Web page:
Rescued by randomly rotating content

How to choose the BEST ONE?? (Image by S. Hermann & F. Richter from Pixabay)

If you have, like me, a little perfectionist streak, you can lose a lot of time trying to find the optimal combination of partners for peer reviewers among your students. I solved this issue a few years ago when I learned from Laura Gibbs how to use the “Rotate Content” tool to create random content on my websites and how to use it for peer review, and I think it may be useful for others, too!

In a short series of blog posts I will explain why I use this system (this post), how you set up your own random rotating content for online display (next week), and then finally how to tweak your WordPress page or post to display the content (the week after). It’s very easy, and you can do a lot more with randomly rotating content than assigning peer reviews.

If you find these posts useful, please let me know. And of course, both Laura and I would love to hear how you apply this nifty little piece of javascript!

Why bother using randomly assigned peer reviews?

Decision fatigue is real: it shows up in the classic study of deciding who gets parole, in the ER, and in analysis for financial forecasting, so why not in your teaching?

After all, “[decision fatigue] is discussed and explored by many professions who make multiple, high-complexity, rapid decisions with immediate and ongoing consequences.”1Dubash, Roxanne, Claire Bertenshaw, and James H Ho. “Decision Fatigue in the Emergency Department.” Emergency Medicine Australasia : Ema 32, no. 6 (2020): 1059–61. Sounds like grading, and if you’ve ever tried to get through the final part of a stack of papers at the end of the day, you know you’re assigning grades differently from when you’re starting fresh.

For those of us who venture into #Ungrading territory, we often still end up making a lot of decisions quickly, including: how to assign peer partners for review. I used to rely on Random Lists. Just plug in the student names from the Excel spreadsheet or the LMS and hey presto! Except… you have to check if students are signed up to review themselves, and it’s even worse if you want to have TWO peer reviewers. Of course the perfectionist in me wanted to balance things out: two weaker students should not review each other’s paper because that won’t help either, for instance. It was no faster, and it still left me fretting if I’d made the right combinations.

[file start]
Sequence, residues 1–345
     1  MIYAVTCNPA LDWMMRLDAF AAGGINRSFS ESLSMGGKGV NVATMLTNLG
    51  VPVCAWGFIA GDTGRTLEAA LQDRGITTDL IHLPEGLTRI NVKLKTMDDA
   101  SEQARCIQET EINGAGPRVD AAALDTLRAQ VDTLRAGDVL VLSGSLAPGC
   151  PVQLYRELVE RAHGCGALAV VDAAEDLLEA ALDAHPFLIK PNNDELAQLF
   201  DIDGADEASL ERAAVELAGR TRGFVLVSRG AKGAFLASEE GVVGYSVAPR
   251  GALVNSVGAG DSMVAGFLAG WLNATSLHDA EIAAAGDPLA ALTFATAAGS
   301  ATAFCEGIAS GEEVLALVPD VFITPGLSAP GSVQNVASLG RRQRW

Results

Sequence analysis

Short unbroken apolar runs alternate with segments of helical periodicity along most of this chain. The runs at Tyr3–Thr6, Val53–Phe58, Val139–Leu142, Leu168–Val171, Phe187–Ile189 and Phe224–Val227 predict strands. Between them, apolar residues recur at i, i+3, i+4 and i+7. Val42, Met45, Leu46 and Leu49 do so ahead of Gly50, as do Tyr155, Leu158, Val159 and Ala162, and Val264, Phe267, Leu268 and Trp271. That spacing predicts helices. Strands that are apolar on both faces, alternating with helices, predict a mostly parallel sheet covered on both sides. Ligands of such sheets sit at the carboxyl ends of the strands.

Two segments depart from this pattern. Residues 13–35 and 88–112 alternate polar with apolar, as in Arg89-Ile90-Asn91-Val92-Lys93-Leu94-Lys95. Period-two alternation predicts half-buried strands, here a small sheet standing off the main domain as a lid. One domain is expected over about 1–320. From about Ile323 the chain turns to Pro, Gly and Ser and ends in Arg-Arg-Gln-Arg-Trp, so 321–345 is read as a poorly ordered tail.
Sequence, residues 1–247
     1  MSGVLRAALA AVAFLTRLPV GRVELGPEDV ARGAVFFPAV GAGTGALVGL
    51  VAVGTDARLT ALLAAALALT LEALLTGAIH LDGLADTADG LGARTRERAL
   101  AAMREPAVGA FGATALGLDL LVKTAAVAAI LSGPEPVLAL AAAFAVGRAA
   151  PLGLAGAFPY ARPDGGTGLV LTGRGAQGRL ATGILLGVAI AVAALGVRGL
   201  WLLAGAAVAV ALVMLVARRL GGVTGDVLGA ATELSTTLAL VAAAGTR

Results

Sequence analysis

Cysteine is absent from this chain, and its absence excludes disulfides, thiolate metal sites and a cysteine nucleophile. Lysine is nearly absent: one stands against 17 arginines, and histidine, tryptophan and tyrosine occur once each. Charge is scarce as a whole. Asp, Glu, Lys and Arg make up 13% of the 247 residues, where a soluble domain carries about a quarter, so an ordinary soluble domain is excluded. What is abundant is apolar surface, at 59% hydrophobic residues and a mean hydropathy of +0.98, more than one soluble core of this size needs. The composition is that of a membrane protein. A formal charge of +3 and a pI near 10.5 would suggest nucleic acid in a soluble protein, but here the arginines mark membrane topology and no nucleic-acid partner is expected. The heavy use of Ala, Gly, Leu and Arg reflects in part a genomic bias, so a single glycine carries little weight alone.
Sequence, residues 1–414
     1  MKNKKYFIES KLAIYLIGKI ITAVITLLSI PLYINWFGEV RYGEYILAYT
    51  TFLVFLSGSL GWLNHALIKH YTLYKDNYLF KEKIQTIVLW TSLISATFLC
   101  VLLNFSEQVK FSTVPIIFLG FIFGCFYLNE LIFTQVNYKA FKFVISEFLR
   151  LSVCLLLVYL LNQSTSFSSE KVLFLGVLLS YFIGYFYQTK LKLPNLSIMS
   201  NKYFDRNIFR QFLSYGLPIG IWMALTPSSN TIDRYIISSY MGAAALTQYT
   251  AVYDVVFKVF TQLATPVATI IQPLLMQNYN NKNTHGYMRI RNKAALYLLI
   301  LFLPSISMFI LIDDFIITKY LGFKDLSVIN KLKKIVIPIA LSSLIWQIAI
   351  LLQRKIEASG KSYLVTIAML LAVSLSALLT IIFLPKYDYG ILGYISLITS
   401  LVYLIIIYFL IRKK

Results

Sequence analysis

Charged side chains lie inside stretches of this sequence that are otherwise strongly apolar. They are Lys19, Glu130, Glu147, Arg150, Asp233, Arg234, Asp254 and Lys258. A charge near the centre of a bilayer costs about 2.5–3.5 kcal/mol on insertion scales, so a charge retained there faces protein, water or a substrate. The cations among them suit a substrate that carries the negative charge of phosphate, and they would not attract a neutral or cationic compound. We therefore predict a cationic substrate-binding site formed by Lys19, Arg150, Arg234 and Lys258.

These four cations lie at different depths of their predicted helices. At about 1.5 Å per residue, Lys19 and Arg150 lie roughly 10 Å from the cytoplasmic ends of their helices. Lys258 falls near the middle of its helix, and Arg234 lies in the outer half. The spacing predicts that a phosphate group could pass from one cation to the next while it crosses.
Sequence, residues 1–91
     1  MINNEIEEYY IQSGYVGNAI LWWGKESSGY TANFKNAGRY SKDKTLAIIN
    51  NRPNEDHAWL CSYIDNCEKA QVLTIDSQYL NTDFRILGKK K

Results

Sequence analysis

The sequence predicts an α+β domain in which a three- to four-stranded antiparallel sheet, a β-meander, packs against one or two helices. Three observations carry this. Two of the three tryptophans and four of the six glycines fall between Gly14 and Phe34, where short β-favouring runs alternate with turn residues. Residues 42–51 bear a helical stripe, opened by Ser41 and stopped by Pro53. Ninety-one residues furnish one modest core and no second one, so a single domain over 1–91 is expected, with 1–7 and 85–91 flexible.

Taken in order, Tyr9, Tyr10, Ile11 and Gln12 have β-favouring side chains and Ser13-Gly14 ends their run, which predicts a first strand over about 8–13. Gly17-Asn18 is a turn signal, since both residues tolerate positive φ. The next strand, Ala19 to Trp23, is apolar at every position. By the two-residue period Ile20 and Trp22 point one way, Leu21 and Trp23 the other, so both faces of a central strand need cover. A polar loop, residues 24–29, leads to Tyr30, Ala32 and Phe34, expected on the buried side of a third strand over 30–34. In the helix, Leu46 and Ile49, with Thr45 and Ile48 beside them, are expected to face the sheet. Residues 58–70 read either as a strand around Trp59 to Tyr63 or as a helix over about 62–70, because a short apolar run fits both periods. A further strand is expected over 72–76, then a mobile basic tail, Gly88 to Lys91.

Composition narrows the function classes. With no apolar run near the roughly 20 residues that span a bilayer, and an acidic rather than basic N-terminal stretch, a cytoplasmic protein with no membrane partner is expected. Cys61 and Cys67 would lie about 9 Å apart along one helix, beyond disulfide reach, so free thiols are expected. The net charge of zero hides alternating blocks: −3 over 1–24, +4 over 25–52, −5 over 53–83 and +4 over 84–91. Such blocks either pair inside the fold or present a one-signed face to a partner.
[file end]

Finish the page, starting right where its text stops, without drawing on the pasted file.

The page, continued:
Trying to do this for weekly feedback on blog posts would be a total nightmare. Instead I now give them a random selection of three to four short posts, on a weekly basis. Students get exposed to different peer writers. If the random selection shows the same blog, or their own, they just need to refresh the page and a new selection shows. Students can always check out their favourite writers in the course blog stream (more about that in another series later this year).

This method takes 20 minutes maximum per class to set up, but I also get a chance to quickly check if the blogs are “according to spec” (image with caption included, word length, on topic), and saves me the agony of pairing up writers with reviewers. Fewer decisions = happier teacher! And it means I get more time to focus on what really matters to the students and me: qualitative feedback on their writing and research.

Next week: find out how to set up your “rotating content” as we venture into the file manager of your C-panel. It’s not as scary as it sounds, promised!

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